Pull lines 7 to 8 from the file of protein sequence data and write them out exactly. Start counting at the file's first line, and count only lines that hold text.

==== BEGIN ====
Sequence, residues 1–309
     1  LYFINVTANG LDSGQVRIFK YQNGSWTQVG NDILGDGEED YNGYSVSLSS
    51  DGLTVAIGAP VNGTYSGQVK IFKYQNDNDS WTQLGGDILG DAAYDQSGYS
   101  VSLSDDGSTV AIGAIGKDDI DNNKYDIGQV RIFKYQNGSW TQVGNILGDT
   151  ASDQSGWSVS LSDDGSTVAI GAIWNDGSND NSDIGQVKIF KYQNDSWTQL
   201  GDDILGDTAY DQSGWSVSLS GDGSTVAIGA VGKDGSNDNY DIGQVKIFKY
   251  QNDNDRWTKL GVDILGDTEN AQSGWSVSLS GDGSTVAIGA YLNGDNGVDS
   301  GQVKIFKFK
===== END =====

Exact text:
   251  QNDNDRWTKL GVDILGDTEN AQSGWSVSLS GDGSTVAIGA YLNGDNGVDS
   301  GQVKIFKFK